This research is concerned with how conflicts between religion and secularity (i.e., secular and religious discourses, norms, actors, and institutions) are shaped differently in differing socio-legal contexts in the Middle East and Europe. Specifically, we will examine the way religion and secularity shape disputes and are shaped by disputes over “body politics,” that is, the laws governing what is permissible to do to the body and who has the authority to decide. Our study focuses on Germany, Israel, and Turkey. All three countries are allegedly secular states with monotheistic religious traditions, but each has its own understanding of the relationship between secularity, religion, and state law. Specifically, the proposed research will focus on current legal controversies that have erupted around the practice of male circumcision, posthumous organ donation, and abortion in Israel, Germany, and Turkey.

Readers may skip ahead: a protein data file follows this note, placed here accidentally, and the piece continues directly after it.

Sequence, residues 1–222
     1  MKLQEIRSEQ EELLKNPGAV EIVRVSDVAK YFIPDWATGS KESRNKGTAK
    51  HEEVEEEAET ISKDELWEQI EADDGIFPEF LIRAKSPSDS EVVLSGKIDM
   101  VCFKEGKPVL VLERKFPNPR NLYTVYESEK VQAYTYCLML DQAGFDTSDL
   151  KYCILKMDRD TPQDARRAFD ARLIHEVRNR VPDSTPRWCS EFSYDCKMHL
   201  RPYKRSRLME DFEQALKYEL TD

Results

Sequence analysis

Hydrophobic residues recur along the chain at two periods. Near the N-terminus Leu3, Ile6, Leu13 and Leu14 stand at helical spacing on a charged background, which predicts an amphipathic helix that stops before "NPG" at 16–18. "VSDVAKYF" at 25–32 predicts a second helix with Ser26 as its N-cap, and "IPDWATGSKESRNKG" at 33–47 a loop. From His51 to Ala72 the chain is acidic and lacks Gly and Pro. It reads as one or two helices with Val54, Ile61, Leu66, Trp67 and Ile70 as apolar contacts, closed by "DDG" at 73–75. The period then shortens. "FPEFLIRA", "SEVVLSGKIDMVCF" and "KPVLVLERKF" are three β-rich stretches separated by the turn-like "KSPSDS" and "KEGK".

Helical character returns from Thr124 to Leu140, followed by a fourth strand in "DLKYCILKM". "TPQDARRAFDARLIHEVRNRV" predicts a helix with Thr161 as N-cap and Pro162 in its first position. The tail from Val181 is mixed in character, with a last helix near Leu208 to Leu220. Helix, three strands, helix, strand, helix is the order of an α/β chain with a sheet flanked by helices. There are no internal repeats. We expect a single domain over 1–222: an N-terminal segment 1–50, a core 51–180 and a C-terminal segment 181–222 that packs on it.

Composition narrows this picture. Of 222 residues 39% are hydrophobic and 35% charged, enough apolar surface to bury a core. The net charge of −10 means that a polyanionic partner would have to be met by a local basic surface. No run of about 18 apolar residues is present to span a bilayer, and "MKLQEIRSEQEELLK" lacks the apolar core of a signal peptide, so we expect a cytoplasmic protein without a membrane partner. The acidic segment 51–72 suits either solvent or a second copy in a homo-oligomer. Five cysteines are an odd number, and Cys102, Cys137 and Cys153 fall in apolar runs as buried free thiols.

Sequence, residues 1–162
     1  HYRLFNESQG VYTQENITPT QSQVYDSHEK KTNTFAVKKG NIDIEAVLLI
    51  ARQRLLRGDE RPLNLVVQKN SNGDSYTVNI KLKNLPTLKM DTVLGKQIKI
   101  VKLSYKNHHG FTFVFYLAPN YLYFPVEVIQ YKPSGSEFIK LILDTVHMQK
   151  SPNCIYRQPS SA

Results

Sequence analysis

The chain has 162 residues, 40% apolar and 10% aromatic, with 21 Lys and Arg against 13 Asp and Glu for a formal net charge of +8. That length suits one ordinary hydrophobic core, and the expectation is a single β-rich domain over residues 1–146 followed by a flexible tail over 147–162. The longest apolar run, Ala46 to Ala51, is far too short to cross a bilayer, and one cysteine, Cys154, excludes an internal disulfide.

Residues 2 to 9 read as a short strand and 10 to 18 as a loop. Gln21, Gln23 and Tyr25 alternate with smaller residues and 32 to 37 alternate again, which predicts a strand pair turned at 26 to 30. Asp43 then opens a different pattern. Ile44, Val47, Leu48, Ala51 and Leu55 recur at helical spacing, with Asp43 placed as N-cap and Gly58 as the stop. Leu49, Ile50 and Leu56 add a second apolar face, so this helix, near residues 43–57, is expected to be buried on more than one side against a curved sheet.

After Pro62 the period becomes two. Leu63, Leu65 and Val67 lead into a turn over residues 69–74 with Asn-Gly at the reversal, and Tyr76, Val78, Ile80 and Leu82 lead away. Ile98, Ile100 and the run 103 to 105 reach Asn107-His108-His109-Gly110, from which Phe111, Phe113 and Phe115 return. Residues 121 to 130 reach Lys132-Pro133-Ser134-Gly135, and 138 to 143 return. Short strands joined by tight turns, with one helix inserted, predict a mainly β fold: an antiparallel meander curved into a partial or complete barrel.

In contrast to more conventional studies of the relationship between state and religion, which privilege top-down constitutional analysis, our socio-legal micro-case study of body politics is based on a bottom-up approach. It demonstrates how the tension between secularity and religion rarely maps onto familiar distinctions such as between “passive” and “assertive” secularism (Kuru, 2009) and that secularity in different countries (no less than religion) presupposes a complex set of taken for granted assumptions about the physical body and about bodily authority. Understanding these complex relationships is especially important given significant changes in the role of religion in the public sphere in Germany, Turkey, and Israel and new geo-political dynamics between the Middle East and Europe.